The Central America Donors Forum (CADF) is the premier space for civil society, philanthropy, government and business to discuss priority issues in Central America, expand networks and advance development, equity and justice in the region.
Since 2010, Seattle International Foundation (SIF) has hosted CADF annually in cities across Central America. Over three days, CADF offers a variety of panels, workshops and networking opportunities to address challenges in the region, create a shared vision and promote collaboration across sectors.
Each year, CADF brings together hundreds of leaders and experts from more than 20 countries, and receives support from dozens of organizations committed to developing Central America.
Executive DirectorRead letter
This year, featuring the unique political and social backdrop of Costa Rica, CADF 2023 will drive regional conversations forward on migration, environment, authoritarianism, closing civic spaces and much more. Read a letter by Adriana Beltrán, SIF’s Executive Director, to the CADF 2023 audience.
Renewing a Vision of Hope
For the first time, the Central America Donors Forum (CADF) is headed to Costa Rica. CADF 2023 will bring together hundreds of cross-sector leaders in beautiful San José to chart a renewed vision of peace and justice in Central America.
Through a dynamic, engaging and participatory agenda, CADF 2023 will seek shared solutions to priority issues facing Central America. Attendees will engage in dialogue centered on environmental protection and climate justice; discuss and address issues of prosperity and migration; seek pathways for equity by fostering expansive, inclusive and thriving communities; and explore philanthropic models that propel community-driven solutions.
Join our unique community of experts and changemakers on September 25-27 and take part in constructing a collaborative vision of hope in Central America.
Environment & Sustainable Solutions
Climate change poses a harrowing threat to Central America, a region highly exposed and vulnerable to irreversible environmental degradation. Devastating droughts, hurricanes, rising sea levels, and ocean acidification have contributed dramatically to human and environmental insecurity, as well as to migration, food insecurity, and poor access to health and education. Despite contributing only a fraction of global carbon emissions, Central American countries shoulder a disproportionate environmental burden, ultimately exacerbating high levels of poverty, inequality and instability. Following Hurricanes Eta and Iota, the 2022 IPCC report claimed climate crisis is expected to deepen in the region.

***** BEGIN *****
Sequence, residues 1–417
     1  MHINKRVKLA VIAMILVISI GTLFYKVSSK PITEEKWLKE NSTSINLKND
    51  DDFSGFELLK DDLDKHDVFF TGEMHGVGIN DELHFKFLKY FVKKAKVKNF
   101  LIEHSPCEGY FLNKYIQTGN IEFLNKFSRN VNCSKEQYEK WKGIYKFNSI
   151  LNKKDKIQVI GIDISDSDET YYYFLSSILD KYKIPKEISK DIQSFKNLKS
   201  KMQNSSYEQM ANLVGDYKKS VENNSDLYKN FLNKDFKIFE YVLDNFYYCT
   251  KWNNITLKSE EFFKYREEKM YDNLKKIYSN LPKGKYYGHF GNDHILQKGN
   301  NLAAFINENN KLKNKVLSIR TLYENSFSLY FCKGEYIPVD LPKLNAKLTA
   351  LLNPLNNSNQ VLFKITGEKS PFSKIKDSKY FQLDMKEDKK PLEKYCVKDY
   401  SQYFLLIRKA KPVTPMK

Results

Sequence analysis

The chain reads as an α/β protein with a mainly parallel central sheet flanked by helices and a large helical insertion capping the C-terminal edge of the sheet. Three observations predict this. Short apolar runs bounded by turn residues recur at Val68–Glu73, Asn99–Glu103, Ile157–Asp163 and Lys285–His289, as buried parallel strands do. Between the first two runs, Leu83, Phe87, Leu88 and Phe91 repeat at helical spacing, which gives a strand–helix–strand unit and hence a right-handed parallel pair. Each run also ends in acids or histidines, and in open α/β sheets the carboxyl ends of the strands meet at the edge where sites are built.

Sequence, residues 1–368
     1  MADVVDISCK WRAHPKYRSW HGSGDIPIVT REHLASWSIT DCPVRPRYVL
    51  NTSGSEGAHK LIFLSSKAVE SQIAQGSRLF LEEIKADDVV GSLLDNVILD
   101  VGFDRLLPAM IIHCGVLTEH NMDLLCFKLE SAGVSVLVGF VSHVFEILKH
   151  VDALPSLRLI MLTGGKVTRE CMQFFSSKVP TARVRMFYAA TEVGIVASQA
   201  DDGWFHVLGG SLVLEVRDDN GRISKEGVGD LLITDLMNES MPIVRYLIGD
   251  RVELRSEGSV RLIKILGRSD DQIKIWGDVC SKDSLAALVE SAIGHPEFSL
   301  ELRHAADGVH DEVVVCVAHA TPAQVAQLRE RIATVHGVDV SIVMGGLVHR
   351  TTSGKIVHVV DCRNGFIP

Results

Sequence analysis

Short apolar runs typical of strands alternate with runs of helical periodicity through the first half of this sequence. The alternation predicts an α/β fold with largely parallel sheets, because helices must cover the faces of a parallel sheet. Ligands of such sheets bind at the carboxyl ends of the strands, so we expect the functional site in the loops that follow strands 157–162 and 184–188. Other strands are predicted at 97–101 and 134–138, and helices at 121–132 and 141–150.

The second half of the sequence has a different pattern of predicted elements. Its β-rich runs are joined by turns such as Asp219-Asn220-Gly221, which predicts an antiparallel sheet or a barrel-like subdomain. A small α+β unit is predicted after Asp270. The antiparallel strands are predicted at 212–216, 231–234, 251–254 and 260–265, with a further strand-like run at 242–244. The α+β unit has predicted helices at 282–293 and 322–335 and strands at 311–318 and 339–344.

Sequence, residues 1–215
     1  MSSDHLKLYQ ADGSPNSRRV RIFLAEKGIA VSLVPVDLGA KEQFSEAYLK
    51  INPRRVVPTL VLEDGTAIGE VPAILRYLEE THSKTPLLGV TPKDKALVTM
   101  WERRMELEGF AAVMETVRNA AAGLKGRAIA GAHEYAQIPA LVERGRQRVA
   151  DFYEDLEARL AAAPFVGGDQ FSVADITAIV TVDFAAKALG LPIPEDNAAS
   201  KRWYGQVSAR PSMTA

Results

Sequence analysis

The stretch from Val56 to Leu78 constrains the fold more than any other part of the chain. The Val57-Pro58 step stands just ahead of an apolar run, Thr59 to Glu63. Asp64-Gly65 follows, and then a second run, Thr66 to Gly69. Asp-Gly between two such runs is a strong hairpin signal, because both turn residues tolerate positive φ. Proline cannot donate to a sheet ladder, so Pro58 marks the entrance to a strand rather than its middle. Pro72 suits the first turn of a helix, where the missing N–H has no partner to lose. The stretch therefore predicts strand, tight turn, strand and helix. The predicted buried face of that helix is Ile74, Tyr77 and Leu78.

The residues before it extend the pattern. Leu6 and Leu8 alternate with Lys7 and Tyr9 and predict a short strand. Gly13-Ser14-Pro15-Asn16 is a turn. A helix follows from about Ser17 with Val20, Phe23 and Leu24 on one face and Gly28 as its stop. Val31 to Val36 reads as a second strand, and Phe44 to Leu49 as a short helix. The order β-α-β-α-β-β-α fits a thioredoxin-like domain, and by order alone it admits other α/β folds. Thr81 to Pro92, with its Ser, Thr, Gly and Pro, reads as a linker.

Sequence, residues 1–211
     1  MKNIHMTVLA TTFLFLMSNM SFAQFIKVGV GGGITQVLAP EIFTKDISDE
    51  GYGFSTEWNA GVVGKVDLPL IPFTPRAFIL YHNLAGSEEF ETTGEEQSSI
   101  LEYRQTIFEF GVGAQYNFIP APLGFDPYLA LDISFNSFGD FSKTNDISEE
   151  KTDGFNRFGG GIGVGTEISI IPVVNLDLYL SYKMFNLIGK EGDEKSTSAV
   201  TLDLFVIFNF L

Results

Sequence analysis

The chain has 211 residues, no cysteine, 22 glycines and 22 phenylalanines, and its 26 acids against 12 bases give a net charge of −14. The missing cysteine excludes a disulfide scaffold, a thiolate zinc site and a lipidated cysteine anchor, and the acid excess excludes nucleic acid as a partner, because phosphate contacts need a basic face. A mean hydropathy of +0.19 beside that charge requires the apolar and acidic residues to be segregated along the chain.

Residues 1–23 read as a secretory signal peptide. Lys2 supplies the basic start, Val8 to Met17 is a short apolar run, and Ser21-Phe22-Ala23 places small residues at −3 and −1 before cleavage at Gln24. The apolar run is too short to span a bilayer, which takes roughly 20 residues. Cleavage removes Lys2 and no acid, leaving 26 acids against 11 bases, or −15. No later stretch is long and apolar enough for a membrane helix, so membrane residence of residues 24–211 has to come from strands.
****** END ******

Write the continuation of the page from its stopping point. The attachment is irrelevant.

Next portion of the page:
Amid environmental degradation and resource extraction, dialogues on climate justice have increased pressure to reconcile environmental sustainability and social equality with economic growth and public policy. In a country widely recognized as a global leader in environmental conservation and protection, hear directly from the experts documenting and the defenders protecting our environment and human rights.
More Equitable & Just Communities
Despite considerable economic investment and aid, inequity remains a pervasive and multidimensional issue in Central America. Unequal economic opportunity and access to justice, as well as racial and gender disparities are deeply entrenched and profoundly undermine the region’s future, and democratic backsliding and closing civic spaces are worsening the situation. Racial and indigenous minorities, youth, women and LGBTQ populations—to name a few—suffer as a consequence and social progress is stunted. These underlying challenges were exacerbated by the global pandemic.
In confronting these challenges, civil society throughout the region has risen up to demand greater equity and accountability in notable ways. Independent journalists risk their lives to hold governments accountable and provide the public with quality news and information. Social movements, often led by youth, fight for visibility and justice. Social-minded enterprises are contributing to a new social fabric that reduces inequalities and boosts economic growth. As a result of these promising cross-sector efforts, Central America is building towards more equitable, just and peaceful societies.
Migration & Pathways to Prosperity
Soaring numbers of migrants have fled northern Central America in recent years. Since 2018, over 600,000 Nicaraguans have left their homes, primarily emigrating to neighboring Costa Rica, where the influx has overwhelmed the asylum system and prompted new restrictions. Long-term structural challenges, natural disasters, ineffective or inadequate public and private investment, and systemic corruption have all contributed to under-performing economies, lack of opportunities, and a growing hopelessness that incentivizes irregular migration.
In one of Latin America’s major migration hubs, the CADF audience will examine factors contributing to the region’s economic wellbeing and prospects for improving opportunities and prosperity for all. The private sector, civil society, governments and donors must unite to foster prosperity, greater equality and strategies to address the most pressing structural challenges in the region, including the expanding migration crisis.
The multifaceted and intersecting issues confronting Central America have demonstrated the necessity for agile, effective, and well-funded organizations capable of responding to shifting challenges. Driven to address the root causes of structural problems, a growing number of organizations are joining together to embrace the transformational power of partnerships. By embracing this sentiment, funders supporting Central America are revitalizing philanthropic models anchored in trust and community-driven solutions.